Holocaust survivor speaks to Clover Hill students


Ben Schneider

Halina Zimm speaks to students in the auditorium. The picture on the projector, which is part of a revolving slideshow, shows her on her wedding day after the war.

Layla Vega, Editor

On March 7, 2023, Clover Hill High School welcomed Holocaust survivor Halina Zimm. During her visit in the auditorium, Zimm educated the students and teachers about the Holocaust and life during World War II by telling them her firsthand account. Students were free to ask Zimm any questions they had at the end. 

Zimm speaks about her experiences of survival through the Holocaust at many high schools in order to increase the knowledge that young people have about what she and other Jewish people experienced during that time. Zimm was eleven years old, when she and her family left their home in Lodz, Poland in 1939 to escape from the Nazis. The family moved to a town in the countryside, but soon that town became dangerous as well. 

Zimm’s father, Solomon Drexler, acquired two birth certificates for Zimm and her sister to get them to a safe place. 

“My father realized soon he had to do something for us to survive,” Zimm said. “He reached out to many Christian people and asked for birth certificates. It’s not that we wanted to look like them, but it was safer.”

Drexler received the birth certificates from a Christian woman who risked her own life to help Zimm and her sister. 

“She went to the priest and asked him for two birth certificates from her own daughters and he gave it to her,” Zimm said. “My father had no money to give to her and she did it from the goodness of her heart.”

This woman’s deed has had a lasting impact on Zimm. 

“It was a tremendous sacrifice,” Zimm said. “Even now I can’t believe that she did that.”

Using the birth certificate, Zimm changed her name to Wanda Kazuzick. Zimm and her sisters knew they had to leave, but it was dangerous for them to be together since it would arose suspicion, so they had to say their goodbyes. 

“We all had to go our separate ways,” Zimm said. “I didn’t know where to go. I was only fourteen.”

Zimm fled to Warsaw and searched for help in a train station. She met a poor woman who took her in and stayed with her for a week until Zimm found a job as a live-in housekeeper for a rich Christian woman living across from the Warsaw Ghetto. 

“This ghetto was different because you couldn’t escape,” Zimm said. “There were Nazis all around with machine guns. The Jews that lived there were dying and starving. I couldn’t do anything because I was a Jew. I just looked at them and my heart broke for them but I had to continue on.”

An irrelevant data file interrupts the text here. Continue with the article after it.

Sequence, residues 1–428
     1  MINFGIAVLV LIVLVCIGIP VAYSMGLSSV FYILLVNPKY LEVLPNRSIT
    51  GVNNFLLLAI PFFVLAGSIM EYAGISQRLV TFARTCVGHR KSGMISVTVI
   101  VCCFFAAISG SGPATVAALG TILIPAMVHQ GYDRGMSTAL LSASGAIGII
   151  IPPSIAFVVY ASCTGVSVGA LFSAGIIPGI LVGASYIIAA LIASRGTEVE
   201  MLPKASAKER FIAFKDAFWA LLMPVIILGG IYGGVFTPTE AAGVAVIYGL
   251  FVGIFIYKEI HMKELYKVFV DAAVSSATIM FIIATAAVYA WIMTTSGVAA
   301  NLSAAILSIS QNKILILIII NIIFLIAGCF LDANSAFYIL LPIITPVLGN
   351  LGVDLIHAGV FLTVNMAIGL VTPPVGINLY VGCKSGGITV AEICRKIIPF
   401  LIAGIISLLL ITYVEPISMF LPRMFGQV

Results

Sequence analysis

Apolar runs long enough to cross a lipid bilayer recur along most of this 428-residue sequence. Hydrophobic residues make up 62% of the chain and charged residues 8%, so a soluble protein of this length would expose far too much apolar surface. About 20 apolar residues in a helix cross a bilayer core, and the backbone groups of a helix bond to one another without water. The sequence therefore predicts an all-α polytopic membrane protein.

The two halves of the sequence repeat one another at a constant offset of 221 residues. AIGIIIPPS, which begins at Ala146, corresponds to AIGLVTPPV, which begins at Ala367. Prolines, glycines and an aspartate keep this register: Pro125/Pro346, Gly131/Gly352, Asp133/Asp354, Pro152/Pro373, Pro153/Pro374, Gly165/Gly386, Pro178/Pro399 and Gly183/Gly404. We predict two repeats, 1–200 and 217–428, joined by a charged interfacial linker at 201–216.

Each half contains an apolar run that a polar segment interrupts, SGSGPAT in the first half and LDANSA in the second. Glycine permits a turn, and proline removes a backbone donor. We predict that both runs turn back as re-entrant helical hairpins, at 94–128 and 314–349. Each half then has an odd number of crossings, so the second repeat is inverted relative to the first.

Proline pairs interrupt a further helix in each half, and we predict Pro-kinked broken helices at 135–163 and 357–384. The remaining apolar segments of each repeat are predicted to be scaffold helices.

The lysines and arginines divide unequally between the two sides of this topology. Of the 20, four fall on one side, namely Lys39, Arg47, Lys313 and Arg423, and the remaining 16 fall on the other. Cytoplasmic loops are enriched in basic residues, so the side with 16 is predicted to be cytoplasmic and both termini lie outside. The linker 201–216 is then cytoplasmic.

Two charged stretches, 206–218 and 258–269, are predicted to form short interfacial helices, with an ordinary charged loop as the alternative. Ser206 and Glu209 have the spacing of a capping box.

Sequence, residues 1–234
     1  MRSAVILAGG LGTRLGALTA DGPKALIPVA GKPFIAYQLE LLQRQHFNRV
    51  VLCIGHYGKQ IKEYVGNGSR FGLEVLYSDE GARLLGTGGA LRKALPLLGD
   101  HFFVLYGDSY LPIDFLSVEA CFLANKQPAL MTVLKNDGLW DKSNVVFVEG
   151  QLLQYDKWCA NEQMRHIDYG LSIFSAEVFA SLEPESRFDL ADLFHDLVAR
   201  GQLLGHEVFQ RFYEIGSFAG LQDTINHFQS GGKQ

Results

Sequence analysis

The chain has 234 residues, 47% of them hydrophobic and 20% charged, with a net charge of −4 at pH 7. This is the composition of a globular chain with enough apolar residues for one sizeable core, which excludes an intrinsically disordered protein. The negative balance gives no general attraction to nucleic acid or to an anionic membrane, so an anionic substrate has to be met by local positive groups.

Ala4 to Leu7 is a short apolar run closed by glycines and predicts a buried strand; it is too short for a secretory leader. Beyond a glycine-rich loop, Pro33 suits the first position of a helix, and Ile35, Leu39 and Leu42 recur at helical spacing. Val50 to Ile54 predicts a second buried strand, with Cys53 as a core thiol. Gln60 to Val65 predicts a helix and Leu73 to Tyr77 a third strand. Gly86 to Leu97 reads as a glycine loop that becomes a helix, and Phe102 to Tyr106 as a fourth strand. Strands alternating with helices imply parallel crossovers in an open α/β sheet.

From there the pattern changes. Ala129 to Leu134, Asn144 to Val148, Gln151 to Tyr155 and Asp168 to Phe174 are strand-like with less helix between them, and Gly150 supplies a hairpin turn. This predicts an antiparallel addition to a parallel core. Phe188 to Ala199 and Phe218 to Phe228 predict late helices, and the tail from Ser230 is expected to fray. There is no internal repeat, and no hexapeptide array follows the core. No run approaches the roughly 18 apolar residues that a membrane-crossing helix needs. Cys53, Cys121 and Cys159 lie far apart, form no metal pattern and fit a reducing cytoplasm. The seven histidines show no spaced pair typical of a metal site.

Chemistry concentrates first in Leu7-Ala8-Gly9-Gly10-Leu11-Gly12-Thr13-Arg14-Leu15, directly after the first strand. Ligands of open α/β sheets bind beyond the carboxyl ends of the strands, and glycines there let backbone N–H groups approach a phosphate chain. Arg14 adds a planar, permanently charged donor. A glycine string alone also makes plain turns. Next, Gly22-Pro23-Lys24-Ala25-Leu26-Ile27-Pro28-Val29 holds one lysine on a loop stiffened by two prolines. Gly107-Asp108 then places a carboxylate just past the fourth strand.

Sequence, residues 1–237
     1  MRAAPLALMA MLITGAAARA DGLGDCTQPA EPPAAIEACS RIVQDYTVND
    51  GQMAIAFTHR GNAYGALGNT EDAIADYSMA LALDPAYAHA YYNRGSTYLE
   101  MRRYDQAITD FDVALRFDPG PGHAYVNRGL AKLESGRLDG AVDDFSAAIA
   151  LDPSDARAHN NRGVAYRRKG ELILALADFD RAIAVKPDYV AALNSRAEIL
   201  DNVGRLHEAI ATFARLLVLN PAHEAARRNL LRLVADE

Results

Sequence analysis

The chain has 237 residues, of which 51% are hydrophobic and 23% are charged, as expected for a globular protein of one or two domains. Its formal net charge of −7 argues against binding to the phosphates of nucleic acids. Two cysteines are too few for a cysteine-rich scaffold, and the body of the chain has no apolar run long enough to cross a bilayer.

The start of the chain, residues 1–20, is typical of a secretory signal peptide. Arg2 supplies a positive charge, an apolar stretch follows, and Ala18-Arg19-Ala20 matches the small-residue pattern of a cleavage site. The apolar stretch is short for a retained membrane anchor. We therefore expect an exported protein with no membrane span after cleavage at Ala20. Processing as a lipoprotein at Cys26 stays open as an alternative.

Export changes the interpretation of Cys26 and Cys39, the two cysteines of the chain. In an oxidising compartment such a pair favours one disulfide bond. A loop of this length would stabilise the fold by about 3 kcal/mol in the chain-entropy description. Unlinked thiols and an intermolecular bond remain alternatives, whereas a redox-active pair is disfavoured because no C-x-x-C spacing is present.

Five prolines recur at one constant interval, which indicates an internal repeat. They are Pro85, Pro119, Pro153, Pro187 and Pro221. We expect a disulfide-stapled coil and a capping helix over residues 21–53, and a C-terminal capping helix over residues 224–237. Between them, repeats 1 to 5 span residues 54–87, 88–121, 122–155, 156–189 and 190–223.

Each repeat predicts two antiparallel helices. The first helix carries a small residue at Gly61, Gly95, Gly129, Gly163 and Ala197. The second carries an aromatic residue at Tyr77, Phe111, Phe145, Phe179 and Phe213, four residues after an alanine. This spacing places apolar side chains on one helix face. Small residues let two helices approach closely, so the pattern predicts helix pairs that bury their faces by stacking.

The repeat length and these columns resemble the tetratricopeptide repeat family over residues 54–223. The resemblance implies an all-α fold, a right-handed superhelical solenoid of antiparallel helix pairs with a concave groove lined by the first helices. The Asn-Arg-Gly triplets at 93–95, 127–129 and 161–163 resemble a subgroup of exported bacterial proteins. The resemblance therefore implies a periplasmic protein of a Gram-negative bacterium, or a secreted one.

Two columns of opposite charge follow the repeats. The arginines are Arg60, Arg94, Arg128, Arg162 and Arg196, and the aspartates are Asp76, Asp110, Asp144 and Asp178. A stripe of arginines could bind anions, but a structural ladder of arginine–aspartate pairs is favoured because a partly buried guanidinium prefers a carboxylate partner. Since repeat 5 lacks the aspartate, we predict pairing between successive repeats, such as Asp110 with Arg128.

Zimm spoke to a full auditorium. (Ben Schneider)

Zimm would go grocery shopping at the market everyday and then return to cook breakfast for her employer. On one of Zimm’s market visits, she bumped into a woman she had known in Zarnow years earlier. A few days later, two Nazis arrived at the apartment, questioned Zimm, and accused her of being a Jew. 

“That woman had followed all the way to my apartment,” Zimm said. “I had never spoken to her. Think about all that hate that woman had.”

Zimm’s employer defended her and was able to convince them that Zimm was not Jewish. However, her employer did not know that Zimm was Jewish and only defended her because she believed she was Christian. The woman’s words saved Zimm’s life, as the Nazi officers believed her and left.

 “I was very scared. It was a miracle I was able to escape,” Zimm said. 

Zimm also mentioned the Warsaw Ghetto Uprising, which she experienced from across the street.

“The Uprising lasted for two months,” Zimm said. “I wasn’t in the ghetto so I couldn’t see but I could hear the whipping, crying, and shooting. The Germans came in and destroyed the ghetto.”

Zimm has been through many horrific moments, yet she continues to promote her message that peace is key and hate is wrong. She warns her audiences about the dangers of hate and emphasizes that the best way to prevent it is education. To provide that education, she tells her story. Students and teachers alike are exposed to an extraordinary story about humanity’s duality of hatred and compassion.

 “Not all victims were Jews, but all Jews were victims,” Zimm said.